Some insights from Larson's training session were helpful, but I did not follow his daily text sequence. Before the end of the two-year term, I was writing and editing radio and television scripts in Swahili, as part of my media assignment.)
In a later assignment in Kenya, I was the main speaker or announcer in various Swahili programs on the government radio service, Voice of Kenya. I have been published in Swahili, for original articles and translated books.
In addition to learning Swahili, I read many books on African language and linguistics. It was only during this period that I realized that the aspects of language that interested me were what constituted the discipline of linguistics. When I returned to the United States, I began to study in that area in preparation for returning to Africa to work.
My primary emphases have been Historical and Comparative Linguistics and Community-Based Learning.
In those two years, I gained an introduction to Kikuyu, the main language in Central Kenya, in which I later became fluent and taught. I was also introduced to Kamba, a neighboring language.
Upon return to the US, I taught Swahili for one year in Skyline High School of the Dallas (Texas) Independent School District. In 1974 and 1975, I was invited to serve on the faculty of the Toronto Institute of Linguistics (TIL), a summer training program in language and culture learning principles for missionaries going overseas. I later joined the faculty of TIL for three more sessions.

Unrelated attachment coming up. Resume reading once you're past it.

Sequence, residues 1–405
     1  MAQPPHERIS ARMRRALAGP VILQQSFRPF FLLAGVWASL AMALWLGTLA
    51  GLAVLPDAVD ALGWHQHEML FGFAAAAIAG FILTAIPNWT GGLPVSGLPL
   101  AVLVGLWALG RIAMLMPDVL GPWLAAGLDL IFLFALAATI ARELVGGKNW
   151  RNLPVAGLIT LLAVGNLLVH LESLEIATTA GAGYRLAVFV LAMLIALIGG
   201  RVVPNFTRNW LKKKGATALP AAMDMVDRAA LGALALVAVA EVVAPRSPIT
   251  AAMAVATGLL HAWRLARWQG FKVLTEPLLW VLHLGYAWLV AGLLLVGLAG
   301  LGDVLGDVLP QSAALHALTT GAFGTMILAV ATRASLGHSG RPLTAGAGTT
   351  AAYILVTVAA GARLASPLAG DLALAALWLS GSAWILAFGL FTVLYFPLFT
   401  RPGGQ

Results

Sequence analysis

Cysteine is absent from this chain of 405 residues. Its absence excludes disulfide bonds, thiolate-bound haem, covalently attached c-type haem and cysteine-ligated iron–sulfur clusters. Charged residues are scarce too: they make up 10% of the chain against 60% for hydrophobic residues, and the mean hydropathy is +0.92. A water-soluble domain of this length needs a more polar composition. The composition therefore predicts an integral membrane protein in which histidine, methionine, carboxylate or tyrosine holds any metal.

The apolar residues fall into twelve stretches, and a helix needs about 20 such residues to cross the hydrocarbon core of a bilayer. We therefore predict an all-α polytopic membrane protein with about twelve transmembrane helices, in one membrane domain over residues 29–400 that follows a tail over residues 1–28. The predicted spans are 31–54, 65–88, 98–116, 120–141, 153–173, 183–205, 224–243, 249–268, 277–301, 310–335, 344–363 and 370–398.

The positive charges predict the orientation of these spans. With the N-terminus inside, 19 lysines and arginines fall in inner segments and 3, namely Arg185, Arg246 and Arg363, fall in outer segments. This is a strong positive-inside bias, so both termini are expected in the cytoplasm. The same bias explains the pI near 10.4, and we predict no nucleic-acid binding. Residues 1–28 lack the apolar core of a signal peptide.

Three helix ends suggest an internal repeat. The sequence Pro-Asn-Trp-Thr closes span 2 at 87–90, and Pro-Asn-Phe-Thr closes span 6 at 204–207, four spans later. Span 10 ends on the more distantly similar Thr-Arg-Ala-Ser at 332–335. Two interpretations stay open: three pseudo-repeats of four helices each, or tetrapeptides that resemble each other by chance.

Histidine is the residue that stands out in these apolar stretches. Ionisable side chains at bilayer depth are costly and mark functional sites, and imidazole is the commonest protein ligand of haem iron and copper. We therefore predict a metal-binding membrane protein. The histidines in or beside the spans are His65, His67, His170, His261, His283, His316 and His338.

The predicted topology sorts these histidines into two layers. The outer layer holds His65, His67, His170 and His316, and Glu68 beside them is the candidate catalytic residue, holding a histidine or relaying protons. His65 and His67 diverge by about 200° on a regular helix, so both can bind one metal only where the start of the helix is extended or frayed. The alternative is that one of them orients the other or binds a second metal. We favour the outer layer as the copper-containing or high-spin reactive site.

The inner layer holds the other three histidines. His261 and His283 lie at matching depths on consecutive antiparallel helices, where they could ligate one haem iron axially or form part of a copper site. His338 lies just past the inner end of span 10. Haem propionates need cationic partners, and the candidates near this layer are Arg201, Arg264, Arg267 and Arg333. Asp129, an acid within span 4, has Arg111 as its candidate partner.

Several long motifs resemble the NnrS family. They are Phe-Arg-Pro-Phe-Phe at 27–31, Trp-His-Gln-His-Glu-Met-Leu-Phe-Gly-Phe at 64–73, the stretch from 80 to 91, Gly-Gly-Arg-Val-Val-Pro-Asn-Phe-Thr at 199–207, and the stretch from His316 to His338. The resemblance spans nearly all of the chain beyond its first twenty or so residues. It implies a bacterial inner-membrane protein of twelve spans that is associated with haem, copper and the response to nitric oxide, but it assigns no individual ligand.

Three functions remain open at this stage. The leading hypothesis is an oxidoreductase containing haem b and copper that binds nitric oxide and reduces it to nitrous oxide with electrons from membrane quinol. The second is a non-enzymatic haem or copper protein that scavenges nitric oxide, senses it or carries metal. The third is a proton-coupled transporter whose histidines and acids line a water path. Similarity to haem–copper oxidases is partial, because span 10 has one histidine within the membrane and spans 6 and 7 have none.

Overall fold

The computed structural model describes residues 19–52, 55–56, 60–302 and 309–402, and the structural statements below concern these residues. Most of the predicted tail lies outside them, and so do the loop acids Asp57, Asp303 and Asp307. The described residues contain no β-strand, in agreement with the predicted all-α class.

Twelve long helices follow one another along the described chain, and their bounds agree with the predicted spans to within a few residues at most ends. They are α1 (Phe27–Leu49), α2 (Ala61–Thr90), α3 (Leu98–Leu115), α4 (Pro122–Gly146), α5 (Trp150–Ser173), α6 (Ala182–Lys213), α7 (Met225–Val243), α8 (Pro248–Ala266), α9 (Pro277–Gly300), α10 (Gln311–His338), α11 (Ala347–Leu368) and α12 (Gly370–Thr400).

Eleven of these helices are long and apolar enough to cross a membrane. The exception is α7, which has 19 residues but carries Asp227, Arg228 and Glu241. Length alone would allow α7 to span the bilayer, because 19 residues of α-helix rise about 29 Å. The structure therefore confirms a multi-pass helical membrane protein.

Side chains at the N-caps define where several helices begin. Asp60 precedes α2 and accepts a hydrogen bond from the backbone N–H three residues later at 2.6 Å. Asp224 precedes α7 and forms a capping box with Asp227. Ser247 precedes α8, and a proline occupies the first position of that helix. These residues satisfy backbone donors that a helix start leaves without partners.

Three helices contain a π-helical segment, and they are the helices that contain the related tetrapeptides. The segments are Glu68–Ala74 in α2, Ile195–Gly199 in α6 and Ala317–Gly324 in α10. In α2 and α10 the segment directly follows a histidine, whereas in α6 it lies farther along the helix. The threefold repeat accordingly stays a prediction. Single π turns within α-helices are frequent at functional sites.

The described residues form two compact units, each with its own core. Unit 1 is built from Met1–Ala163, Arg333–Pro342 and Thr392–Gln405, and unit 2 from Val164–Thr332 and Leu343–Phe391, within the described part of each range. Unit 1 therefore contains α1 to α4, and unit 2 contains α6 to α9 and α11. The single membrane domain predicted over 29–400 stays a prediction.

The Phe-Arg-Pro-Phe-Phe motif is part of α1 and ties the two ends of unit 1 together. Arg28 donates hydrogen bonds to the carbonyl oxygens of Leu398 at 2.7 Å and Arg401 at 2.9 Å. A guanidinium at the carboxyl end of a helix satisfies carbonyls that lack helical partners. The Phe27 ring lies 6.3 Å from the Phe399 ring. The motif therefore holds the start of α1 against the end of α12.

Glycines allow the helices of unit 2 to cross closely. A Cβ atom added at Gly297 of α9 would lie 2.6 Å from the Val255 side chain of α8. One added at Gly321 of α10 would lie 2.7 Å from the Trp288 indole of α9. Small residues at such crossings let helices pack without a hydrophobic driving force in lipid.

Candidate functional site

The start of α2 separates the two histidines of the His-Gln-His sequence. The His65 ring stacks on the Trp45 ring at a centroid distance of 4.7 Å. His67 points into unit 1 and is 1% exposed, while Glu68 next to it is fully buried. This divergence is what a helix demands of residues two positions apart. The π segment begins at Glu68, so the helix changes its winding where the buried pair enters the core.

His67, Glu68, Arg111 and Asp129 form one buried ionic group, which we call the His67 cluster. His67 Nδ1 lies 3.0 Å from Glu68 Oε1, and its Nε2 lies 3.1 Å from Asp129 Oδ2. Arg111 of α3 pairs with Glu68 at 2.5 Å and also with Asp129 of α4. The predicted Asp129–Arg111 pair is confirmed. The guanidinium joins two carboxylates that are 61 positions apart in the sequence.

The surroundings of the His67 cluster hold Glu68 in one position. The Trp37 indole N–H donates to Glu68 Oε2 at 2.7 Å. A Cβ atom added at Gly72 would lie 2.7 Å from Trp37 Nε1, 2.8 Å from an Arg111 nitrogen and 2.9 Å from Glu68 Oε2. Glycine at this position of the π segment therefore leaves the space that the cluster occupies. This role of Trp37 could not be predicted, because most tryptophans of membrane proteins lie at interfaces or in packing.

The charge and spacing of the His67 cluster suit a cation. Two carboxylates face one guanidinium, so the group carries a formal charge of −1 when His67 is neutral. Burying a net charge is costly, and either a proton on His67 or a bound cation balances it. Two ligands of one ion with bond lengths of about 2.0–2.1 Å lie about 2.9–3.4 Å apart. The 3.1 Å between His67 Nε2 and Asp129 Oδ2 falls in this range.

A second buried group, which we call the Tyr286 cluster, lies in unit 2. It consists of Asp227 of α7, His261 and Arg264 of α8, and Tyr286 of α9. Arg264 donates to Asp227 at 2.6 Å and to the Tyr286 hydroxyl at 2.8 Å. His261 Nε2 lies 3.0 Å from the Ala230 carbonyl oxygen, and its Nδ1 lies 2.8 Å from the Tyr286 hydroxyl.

Each summer at TIL I taught phonetics and led a workshop in developing basic language texts in a different language. The work shop was a training session in language learning techniques using demonstration and work with actual language informants in a language unknown by either leader or students. I remember working with Korean, Japanese, Greek, and others.
As one of the group leaders, I worked directly with our langauge-culture informants, eliciting basic phrases equivalent to one month's language texts as the class looked on. We would practice togetrher and then go out into the community to practice in the real world.
Working with the informants over a three week period, I would develop fluency drills on these texts formt he lessons we devleoped. Through this interactive process, the new learners gained skill in eliciting language texts and becoming independent langauge learners. In any one-month session in Toronto there were opportunities to engage numerous ethnic communities in their languages.
I had the honor of delivering the 1994 Annual Graduation Convocation Week Course in Swahili for the Kenya Baptist Theological College.
Arabic and Ilonggo
In 1974 and 1975 I also worked with Larson in the same language training program for volunteers where I had first met him.
In the 1975 session, I elicited phrases from a Philippine speaker of Ilonggo to construct 25 initial lesson texts with grammatical analysis, using no resources other than my single informant. This demonstrated Larson's learning approach, and represented the materials a new learner would develop and learn in the first five weeks of language learning.